Every investment is a moral decision

The Rev. Michael Van Dusen is escorted by police out of the RBC branch.
The Rev. Michael Van Dusen is escorted by police out of the RBC branch.
 on May 30, 2024

On the morning of April 9, nine people from Faith and Climate Action sat in a branch of the Royal Bank of Canada (RBC) in downtown Toronto. Two of the nine were Anglicans. They were protesting RBC’s multi-billion-dollar investments in fossil fuel developments, among the highest in the world over the five years (2017 to 2022) for which records are available. The group included Quakers, Roman Catholics, United Church members and Unitarians, as well as Anglicans.

As they sat, they prayed and sang hymns of gratitude for creation. Outside the branch, another group of about 20 protesters, including more Anglicans, held up banners and signs and handed out leaflets explaining the action. The people had been trained in non-violent direct action to ensure that the demonstration was peaceful.

RBC’s $42 billion (U.S.) investments included being the leading financier of Tar Sands developments in 2022. Why is that important? In January, Nature Briefing reported research showing that “Canada’s oil-producing tar sands generate as much pollution-causing emissions as all of the country’s other human-generated sources combined… Actual emissions were up to 64 times greater than reported by industry.” RBC also invests in fracking, Arctic and Amazonian exploration and pipelines crossing First Nations lands.

Supporters protest outside.

But Faith and Climate Action sees RBC’s investments as going beyond the economics, science and Indigenous rights issues, as important as they are. In our baptismal covenant, Anglicans vow that we will “strive to safeguard the integrity of God’s creation and respect, sustain and renew the life of the earth.” Other faiths have similar statements of belief in the sacred relationship between the Creator and creation. The collective view is that investing in climate-damaging fossil fuels is a moral matter. Paraphrasing Pope Francis in his encyclical Laudato Si, every investment is a moral decision.

The demonstration did not happen without preamble. The group had tried to engage executives of the bank in discussion about its fossil fuel investment policies in late 2023. It first sent an email to John Stackhouse, RBC’s senior vice president who is identified as having a special involvement in environmental issues for the bank, then followed up with a letter that read, in part:

“We urge RBC to:

  1. publicly commit to immediately end your support for all new fossil fuel projects, including exploration, extraction, transportation and power;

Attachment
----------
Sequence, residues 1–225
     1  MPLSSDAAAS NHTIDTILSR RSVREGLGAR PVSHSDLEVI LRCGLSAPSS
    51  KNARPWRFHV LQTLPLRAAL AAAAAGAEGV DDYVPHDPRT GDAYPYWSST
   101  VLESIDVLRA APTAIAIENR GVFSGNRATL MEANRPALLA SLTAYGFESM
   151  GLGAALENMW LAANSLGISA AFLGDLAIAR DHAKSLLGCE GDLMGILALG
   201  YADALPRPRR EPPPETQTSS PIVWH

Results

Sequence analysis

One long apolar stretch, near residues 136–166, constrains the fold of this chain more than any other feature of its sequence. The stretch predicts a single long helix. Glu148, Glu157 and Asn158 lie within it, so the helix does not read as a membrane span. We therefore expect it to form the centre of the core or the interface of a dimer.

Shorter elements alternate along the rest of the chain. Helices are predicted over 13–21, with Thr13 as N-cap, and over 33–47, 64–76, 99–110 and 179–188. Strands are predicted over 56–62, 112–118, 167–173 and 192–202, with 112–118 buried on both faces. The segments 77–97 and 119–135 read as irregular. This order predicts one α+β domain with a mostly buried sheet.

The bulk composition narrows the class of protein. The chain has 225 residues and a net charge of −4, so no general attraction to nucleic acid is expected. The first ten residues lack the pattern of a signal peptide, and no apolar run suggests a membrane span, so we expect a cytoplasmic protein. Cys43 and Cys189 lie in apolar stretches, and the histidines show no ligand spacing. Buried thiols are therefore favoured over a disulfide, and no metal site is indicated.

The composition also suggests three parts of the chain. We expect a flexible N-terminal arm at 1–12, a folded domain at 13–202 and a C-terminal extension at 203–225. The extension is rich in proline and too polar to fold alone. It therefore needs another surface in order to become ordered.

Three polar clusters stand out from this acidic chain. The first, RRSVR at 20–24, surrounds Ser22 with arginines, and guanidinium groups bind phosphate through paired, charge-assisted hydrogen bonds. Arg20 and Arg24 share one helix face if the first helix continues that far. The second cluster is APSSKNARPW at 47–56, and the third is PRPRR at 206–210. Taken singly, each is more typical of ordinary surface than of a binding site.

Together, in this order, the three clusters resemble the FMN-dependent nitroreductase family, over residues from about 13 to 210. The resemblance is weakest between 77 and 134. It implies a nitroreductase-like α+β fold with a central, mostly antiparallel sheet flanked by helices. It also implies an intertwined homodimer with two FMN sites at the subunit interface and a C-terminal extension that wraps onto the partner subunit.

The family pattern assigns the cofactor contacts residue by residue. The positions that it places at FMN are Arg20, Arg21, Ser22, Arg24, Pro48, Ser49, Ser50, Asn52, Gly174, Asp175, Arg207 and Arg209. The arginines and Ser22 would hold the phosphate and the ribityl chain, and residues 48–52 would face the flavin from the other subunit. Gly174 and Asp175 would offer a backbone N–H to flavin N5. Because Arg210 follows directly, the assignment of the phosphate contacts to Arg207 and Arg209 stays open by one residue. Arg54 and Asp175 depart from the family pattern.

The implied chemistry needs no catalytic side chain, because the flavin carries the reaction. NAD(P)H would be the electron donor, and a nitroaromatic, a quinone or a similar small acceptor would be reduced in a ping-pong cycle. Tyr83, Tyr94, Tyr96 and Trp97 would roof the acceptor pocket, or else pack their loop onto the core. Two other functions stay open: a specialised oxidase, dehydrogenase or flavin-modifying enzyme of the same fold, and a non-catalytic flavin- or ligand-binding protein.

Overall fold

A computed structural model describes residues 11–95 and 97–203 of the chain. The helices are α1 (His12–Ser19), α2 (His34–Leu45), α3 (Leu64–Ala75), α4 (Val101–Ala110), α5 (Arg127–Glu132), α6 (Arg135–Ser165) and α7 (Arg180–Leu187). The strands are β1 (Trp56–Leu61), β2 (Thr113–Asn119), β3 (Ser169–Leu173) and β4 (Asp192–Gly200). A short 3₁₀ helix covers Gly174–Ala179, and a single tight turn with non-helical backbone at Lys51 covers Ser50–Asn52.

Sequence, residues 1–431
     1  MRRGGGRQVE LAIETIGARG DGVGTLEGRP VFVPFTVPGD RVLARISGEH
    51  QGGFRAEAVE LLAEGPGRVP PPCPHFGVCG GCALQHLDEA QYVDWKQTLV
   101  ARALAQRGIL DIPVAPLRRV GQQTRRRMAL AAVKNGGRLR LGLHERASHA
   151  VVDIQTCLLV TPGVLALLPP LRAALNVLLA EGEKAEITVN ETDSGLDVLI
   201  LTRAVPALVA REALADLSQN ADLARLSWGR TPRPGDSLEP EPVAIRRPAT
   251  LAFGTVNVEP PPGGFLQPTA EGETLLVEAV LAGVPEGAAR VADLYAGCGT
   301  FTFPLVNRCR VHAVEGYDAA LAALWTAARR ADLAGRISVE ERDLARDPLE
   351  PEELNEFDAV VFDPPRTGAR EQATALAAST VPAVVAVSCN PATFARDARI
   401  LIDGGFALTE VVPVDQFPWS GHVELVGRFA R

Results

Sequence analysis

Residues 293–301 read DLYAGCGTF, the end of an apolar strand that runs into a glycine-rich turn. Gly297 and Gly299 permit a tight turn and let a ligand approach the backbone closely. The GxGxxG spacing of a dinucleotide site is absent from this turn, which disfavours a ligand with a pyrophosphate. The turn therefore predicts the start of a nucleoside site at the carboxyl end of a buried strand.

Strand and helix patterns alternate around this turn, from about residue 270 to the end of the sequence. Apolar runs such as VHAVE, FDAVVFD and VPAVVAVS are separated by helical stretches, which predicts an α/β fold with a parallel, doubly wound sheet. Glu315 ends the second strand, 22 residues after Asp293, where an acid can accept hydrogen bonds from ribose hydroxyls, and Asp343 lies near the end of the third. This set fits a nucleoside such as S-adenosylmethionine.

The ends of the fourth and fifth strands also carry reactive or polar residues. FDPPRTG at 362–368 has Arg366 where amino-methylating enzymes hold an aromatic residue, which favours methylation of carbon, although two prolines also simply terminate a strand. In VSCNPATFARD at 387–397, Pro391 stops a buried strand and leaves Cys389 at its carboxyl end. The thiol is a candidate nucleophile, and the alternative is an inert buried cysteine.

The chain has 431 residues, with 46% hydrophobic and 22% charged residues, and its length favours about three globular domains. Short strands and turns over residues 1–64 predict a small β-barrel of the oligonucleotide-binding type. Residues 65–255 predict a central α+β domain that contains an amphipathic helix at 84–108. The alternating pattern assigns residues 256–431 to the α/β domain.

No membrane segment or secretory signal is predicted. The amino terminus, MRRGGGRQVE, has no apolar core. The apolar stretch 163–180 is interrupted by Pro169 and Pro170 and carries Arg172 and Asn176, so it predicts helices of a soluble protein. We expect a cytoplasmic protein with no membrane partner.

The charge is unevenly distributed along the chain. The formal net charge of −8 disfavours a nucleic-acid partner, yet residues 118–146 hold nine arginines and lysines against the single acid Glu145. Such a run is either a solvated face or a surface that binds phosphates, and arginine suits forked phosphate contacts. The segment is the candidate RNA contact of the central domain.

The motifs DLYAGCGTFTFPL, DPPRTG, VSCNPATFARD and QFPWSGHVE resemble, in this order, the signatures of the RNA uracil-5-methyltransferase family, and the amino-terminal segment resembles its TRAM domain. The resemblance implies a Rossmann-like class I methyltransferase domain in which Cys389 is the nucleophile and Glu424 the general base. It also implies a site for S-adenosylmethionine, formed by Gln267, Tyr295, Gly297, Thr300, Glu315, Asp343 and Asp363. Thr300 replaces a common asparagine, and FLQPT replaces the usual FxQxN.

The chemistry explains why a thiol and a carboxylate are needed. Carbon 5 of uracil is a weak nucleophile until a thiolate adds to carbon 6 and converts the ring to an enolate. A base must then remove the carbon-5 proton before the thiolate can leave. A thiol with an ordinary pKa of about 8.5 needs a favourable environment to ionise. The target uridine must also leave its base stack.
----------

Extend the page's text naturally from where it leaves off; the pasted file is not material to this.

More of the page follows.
2. publish a robust plan for phasing out your support for all existing fossil fuel projects and companies on a timetable consistent with what is necessary to meet the Paris targets;
  3. ensure that you do not lend to companies that operate in Indigenous territories without free and informed prior consent.

“We are wondering: why does RBC continue to finance new and existing fossil fuel projects at unmatched levels when doing so poses a threat to the survival of our children and grandchildren? We would like to meet with you in person at your earliest convenience to hear your response to this question.

“The United Nations Secretary General and the Intergovernmental Panel on Climate Change have made it clear that greenhouse gas emissions from existing and planned fossil fuel infrastructure will push global heating beyond 1.5 degrees, and that no more fossil fuel sources can be opened if the world is to avoid catastrophic heating.

“However, according to the most recent Banking on Climate Chaos report, RBC was the world’s  biggest fossil fuel financier in 2022, providing over $42 billion (U.S.) in funding to fossil fuel companies (with over $250 billion U.S. in financing since 2016). Meanwhile, we will continue to mobilize members of our own and other faith communities to take action to resist the continued financing of climate polluting fossil fuel projects which put our collective survival at risk.”

The letter was signed by five individuals with their faith group identified, stating that “faith organizations listed are for identification purposes only” not as official endorsement by the different denominations. I signed the letter, identifying myself as an Anglican deacon.

Despite these requests, we received neither a meeting nor even an acknowledgement. The demonstration and sit-in was the first step of a follow-up to the non-response. The group regards the protests as a campaign, not an event. Other actions will follow until the bank responds.

Each of us protestors in the bank that morning was ticketed for trespass and fined $65. A number of us have asked to appear in court to fight the fine on the basis of our moral obligation to creation and our Creator.

RBC is only the worst of the major Canadian chartered banks investing in climate-wrecking pollution, not the only one. This campaign intends to tackle the worst offender first.


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